Embodied human minds operate in and spread across a vast and uneven world of things—artifacts, technologies, and institutions which they have collectively constructed and maintained through cultural and individual history. This chapter seeks to add a historical dimension to the enthusiastically future-oriented study of “natural-born cyborgs” in the philosophy of cognitive science,3 and a cognitive dimension to recent work on material memories and symbol systems in early modern England, bringing humoral psychophysiology together with material culture studies. The aim is to (...)
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  18.  58
    Brain Patterns Shaping Embodied Activities of Their Bodily Limbs in Perception and Cognition.de Sá Pereira Roberto horácio, Farias Sérgio & Barcellos Victor - 2023 - Qeios.
    This essay aims to expose the metaphysical underpinnings of enactivism. While enactivism relies heavily on rejecting the traditional mind-body problem by excluding the familiar thought experiments that favor phenomenal dualism, the crucial point that is overlooked is instead the brain-body problem, specifically the crucial interaction between the brain and the bodily limbs in their embodied activities of perception and cognition. If enactivism is correct, differences in sensory experience necessarily entail differences in embodied activity—this is the metaphysical core of (...)
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  19. Brain self-regulation in criminal psychopaths.Lilian Konicar, Ralf Veit, Hedwig Eisenbarth, Beatrix Barth, Paolo Tonin, Ute Strehl & Niels Birbaumer - 2015 - Nature: Scientific Reports 5:1-7.
    Psychopathic individuals are characterized by impaired affective processing, impulsivity, sensation-seeking, poor planning skills and heightened aggressiveness with poor self-regulation. Based on brain self-regulation studies using neurofeedback of Slow Cortical Potentials (SCPs) in disorders associated with a dysregulation of cortical activity thresholds and evidence of deficient cortical functioning in psychopathy, a neurobiological approach seems to be promising in the treatment of psychopathy. The results of our intensive brain regulation intervention demonstrate, that psychopathic offenders are able to gain control of (...)
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  20. Why Boltzmann Brains Are Bad.Sean M. Carroll - 2020 - In Shamik Dasgupta, Brad Weslake & Ravit Dotan (eds.), Current Controversies in Philosophy of Science. Routledge. pp. 7-20.
    Some modern cosmological models predict the appearance of Boltzmann Brains: observers who randomly fluctuate out of a thermal bath rather than naturally evolving from a low-entropy Big Bang. A theory in which most observers are of the Boltzmann Brain type is generally thought to be unacceptable, although opinions differ. I argue that such theories are indeed unacceptable: the real problem is with fluctuations into observers who are locally identical to ordinary observers, and their existence cannot be swept under the (...)
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  21. Brain Drain, Health, and Global Justice.Alex Sager - 2012 - In Rebecca S. Shah (ed.), The International Migration of Health Workers: Ethics, Rights, and Justice. Palgrave-Macmillan. pp. 103-117.
    This chapter criticizes policies that aim to restrict the emigration or immigration of skilled workers, analyzes the ethics of recruitment, and proposes basing an ethics of skilled migration based on the violation of negative duties not to uphold unjust institutions.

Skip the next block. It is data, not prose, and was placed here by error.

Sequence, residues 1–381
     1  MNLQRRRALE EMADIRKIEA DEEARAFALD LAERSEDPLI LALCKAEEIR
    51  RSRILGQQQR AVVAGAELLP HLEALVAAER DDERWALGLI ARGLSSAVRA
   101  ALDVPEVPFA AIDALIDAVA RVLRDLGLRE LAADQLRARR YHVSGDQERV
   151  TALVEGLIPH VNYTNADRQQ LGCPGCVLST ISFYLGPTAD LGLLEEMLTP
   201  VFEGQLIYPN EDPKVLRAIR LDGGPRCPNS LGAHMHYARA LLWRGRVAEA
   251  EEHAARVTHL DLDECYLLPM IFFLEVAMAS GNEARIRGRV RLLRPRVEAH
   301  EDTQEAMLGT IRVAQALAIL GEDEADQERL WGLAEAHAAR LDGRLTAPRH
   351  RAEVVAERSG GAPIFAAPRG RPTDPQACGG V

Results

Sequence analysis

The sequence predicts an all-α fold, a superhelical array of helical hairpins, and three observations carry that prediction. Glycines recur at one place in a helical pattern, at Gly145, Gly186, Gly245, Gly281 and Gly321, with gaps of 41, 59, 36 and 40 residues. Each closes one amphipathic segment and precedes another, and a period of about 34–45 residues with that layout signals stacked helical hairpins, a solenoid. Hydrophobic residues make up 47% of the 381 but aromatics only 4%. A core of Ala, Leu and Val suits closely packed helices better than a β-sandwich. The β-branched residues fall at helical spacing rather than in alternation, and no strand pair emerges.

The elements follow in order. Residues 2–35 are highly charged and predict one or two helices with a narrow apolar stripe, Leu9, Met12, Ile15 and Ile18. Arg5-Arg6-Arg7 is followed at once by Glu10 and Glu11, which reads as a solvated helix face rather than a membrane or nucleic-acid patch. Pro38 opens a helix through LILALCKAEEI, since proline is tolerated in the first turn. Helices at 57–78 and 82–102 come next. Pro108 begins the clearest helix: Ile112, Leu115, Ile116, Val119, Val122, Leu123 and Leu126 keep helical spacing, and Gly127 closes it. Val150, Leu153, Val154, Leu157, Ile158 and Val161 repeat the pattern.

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  22. Brain-Inspired Conscious Computing Architecture.Wlodzislaw Duch - 2005 - Journal of Mind and Behavior 26 (1-2):1-22.
    What type of artificial systems will claim to be conscious and will claim to experience qualia? The ability to comment upon physical states of a brain-like dynamical system coupled with its environment seems to be sufficient to make claims. The flow of internal states in such systems, guided and limited by associative memory, is similar to the stream of consciousness. A specific architecture of an artificial system, termed articon, is introduced that by its very design has to claim being (...)
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  23. From Brain to Cosmos (Preliminary Revised Edition).Mark Sharlow - manuscript
    This is a draft for a revised edition of Mark Sharlow's book "From Brain to Cosmos." It includes most of the material from the first edition, two shorter pieces pertaining to the book, and a detailed new introduction.
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  24. Brain Death as the End of a Human Organism as a Self-moving Whole.Adam Omelianchuk - 2021 - Journal of Medicine and Philosophy 46 (5):530-560.
    The biophilosophic justification for the idea that “brain death” is death needs to support two claims: that what dies in human death is a human organism, not merely a psychological entity distinct from it; that total brain failure signifies the end of the human organism as a whole. Defenders of brain death typically assume without argument that the first claim is true and argue for the second by defending the “integrative unity” rationale. Yet the integrative unity rationale (...)
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  25. Split Brains and the Godhead.Trenton Merricks - 2006 - In Thomas Crisp, David Vander Laan & Matthew Davidson (eds.), Knowledge and Reality: Essays in Honor of Alvin Plantinga. Kluwer Academic Publishers. pp. 299-326.
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  26. Brain Data in Context: Are New Rights the Way to Mental and Brain Privacy?Daniel Susser & Laura Y. Cabrera - 2023 - American Journal of Bioethics Neuroscience:1-12.